Saturday, April 28, 2012

The Politics of Religion?

Yesterday I watched a video (one of those viral ones that goes everywhere on the internet) that was an eye opener to extreme religious thinking on the current state of affairs. The Bible was quoted throughout the whole thing and there was a strong flavor of gloom and doom.  I know the world is not ideal and the Word of God says it will wax worse and worse, but God is still God. It was an interesting example of the politics of religion (a new science appearing in the latter half of the 20th century). The presenter was very bold, somewhat sordid and shocking and often backed up her claims with examples of actions of people who had been martyred maliciously throughout history for standing up for their beliefs. Men's actions, however noble, do not make the Word truer. God would never be happy with that kind of martyrdom. 

In Acts 1:6-8 Jesus Christ responded to his disciples posed a question about the politics of that day:
When they therefore were come together, they asked of him, saying, Lord, wilt thou at this time restore again the kingdom to Israel? And he said unto them, It is not for you to know the times or the seasons, which the Father hath put in his own power.  But ye shall receive power, after that the Holy Ghost is come upon you: and ye shall be witnesses (Link - martus) unto me both in Jerusalem, and in all Judaea, and in Samaria, and unto the uttermost part of the earth. 
God had other plans in mind for man. God gave men power. It wasn't political power that they got. They became powerful witnesses for Jesus Christ. The word 'witness' in Greek is 'martus' from which we get the word 'martyr'.  

A Critical Lexicon and Concordance to the English and Greek New Testament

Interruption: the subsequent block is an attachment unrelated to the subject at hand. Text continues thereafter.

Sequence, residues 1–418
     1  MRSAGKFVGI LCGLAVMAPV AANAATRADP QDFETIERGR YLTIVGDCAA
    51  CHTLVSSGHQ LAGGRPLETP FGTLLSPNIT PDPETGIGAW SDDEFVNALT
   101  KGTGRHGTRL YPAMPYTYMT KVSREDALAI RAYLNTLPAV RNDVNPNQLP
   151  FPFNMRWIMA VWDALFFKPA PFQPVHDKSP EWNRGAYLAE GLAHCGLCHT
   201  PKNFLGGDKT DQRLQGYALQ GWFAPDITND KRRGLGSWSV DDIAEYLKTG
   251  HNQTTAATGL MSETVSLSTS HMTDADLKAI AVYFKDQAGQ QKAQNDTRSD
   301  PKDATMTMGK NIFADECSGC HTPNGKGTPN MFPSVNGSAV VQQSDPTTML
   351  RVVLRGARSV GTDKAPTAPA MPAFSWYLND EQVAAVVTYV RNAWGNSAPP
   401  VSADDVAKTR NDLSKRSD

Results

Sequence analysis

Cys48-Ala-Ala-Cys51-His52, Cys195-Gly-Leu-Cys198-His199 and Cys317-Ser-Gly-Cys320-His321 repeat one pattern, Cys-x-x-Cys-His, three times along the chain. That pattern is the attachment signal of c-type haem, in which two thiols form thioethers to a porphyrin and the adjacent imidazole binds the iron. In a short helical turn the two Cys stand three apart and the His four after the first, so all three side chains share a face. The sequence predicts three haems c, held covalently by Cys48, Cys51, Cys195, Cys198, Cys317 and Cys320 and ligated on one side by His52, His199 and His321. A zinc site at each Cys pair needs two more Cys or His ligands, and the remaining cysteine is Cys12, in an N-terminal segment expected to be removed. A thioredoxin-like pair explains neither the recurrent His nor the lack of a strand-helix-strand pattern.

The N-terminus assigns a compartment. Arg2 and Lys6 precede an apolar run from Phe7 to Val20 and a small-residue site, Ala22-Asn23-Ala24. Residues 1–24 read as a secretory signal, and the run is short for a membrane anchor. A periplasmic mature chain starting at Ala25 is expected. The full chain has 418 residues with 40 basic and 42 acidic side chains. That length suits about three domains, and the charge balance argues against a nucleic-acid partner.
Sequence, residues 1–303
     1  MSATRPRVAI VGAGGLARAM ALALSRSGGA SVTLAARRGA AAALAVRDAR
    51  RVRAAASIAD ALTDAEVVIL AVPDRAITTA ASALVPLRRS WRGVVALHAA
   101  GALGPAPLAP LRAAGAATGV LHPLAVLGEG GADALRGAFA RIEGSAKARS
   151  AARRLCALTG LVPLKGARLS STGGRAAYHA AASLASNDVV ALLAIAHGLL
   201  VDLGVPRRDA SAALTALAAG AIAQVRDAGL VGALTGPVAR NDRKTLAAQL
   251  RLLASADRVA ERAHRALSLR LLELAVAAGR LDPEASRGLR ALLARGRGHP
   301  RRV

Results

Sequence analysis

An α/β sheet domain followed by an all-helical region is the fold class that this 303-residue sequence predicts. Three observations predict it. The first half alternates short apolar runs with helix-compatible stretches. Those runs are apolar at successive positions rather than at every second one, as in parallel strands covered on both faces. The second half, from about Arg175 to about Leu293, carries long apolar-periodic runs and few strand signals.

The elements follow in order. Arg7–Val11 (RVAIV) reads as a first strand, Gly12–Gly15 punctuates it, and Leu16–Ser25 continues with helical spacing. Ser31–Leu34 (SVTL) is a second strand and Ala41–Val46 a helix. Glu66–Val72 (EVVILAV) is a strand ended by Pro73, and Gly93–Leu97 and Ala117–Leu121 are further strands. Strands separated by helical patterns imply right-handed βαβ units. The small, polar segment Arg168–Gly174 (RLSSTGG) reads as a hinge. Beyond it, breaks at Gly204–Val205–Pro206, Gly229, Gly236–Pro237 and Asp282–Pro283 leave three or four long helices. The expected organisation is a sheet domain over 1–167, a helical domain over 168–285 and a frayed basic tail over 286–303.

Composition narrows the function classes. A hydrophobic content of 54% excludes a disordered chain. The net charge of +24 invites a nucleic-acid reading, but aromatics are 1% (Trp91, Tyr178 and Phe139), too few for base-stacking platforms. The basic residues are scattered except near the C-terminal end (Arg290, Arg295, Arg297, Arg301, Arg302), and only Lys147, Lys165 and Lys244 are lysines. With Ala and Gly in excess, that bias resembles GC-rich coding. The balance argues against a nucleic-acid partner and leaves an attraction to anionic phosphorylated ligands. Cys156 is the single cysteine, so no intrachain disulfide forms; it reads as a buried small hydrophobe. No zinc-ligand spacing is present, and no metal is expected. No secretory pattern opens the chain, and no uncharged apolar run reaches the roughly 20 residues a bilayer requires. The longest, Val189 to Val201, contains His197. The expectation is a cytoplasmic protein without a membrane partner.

By E. W. Bullinger
True martyrdom according to Acts 1:8 means to be a bearer of  God's authorized way, truth and life: Jesus Christ. It is not the gloom and doom of fear.

Wednesday, April 25, 2012

'It's a Very Small Thing' To Be Judged' By You Or Even By Me

This morning, a great section in Genesis came to mind regarding Abraham and Abimelech.  Abraham and Sarah traveled to Gerar where Abimelech, who was a Philistine king, lived. Abraham fearing the Canaanites, let them think that Sarah was his sister and not his wife. Abimelech took Sarah with the idea of making her one of his wives. Then God talked to Abimelech about the consequences involved in doing so and Abimelech confronted Abraham about it. Some big things happened because he did. There was restoration and healing.

Hey, wait a minute, why did God talk to Abimelech? Who is supposed to be God's man here? It is very interesting to think about. Whose choice was it to talk to Abimelech?  It was God's choice for His own reasons. Abraham was a prophet. Are prophets always right? They are right only when speaking for God. What they do on their own time is not necessarily truth. We see that at other times in the Bible.

In the New Testament, with the appearance of Jesus Christ as God's only begotten son, a savior unequaled by anyone, we can gain true wholeness and soundness in life.  God provides us with those qualities by pure grace not by requiring perfection in return. He just wants love and our trust in what He provides.

There is a great section in I Corinthians 4:1-4:
Let a man so account of us, as of the ministers of Christ, and stewards of the mysteries of God. Moreover it is required in stewards, that a man be found faithful. But with me it is a very small thing that I should be judged of you, or of man's judgment: yea, I judge not mine own self. For I know nothing by myself; yet am I not hereby justified: but he that judgeth me is the Lord.
Paul is referring to himself and what it means to be a steward of the mystery (should be singular) of God. A good steward of God's Word is faithful.  A steward is trusting and believing towards his master and carries out his master's transactions regardless of what others think.

There is a very good point to be made about the fact that it is God that is in charge. In Ephesians 4:2, 'lowliness' (the God's in charge mind-set link) is the first requirement for unity of the spirit. People don't make something true because they say or do something or even because of who they are. Abimelech, a Canaanite, spoke up to Abraham even though Abraham was the prophet. It was God that set it up. Why should anyone complain? When it comes to God and carrying out His instructions, 'it is a very small thing' to be judged by others or even in judging one's own self. Actually it's a very peaceful, sound and wholesome way to live!

Saturday, April 14, 2012

Imitators of Paul

 In Corinthians 4, Paul writes about his ministry and it is very telling of his attitude of humility to God.